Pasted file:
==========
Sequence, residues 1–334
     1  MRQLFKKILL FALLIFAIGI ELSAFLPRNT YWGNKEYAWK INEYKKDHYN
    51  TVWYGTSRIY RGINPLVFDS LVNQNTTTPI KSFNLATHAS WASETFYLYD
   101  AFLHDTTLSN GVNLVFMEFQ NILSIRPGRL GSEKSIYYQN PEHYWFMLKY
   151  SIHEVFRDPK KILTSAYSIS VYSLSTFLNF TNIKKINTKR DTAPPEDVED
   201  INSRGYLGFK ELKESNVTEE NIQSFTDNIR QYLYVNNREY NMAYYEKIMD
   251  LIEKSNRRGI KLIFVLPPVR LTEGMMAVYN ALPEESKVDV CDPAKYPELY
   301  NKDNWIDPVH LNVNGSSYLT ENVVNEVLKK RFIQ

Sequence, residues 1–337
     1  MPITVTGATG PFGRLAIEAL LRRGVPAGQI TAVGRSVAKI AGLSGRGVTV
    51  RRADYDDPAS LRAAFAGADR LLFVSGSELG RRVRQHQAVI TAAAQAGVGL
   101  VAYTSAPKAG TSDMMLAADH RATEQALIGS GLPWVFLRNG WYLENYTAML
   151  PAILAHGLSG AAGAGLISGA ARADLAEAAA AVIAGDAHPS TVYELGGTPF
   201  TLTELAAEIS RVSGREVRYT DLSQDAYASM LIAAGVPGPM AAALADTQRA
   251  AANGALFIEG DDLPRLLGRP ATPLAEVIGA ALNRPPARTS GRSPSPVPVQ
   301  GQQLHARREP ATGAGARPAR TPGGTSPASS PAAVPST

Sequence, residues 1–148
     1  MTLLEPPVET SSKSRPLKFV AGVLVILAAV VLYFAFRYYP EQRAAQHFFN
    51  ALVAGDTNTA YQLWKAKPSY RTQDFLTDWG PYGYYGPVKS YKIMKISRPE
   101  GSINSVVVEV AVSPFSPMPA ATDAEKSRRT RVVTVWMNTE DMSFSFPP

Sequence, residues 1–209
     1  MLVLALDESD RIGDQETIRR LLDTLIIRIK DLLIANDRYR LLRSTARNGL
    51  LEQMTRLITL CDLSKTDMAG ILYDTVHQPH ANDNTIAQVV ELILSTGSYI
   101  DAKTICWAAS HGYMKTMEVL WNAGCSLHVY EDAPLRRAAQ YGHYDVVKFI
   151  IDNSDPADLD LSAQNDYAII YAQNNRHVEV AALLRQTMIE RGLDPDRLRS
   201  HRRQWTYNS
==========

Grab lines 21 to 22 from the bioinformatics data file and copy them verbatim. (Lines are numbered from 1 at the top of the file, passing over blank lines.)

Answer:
Sequence, residues 1–209
     1  MLVLALDESD RIGDQETIRR LLDTLIIRIK DLLIANDRYR LLRSTARNGL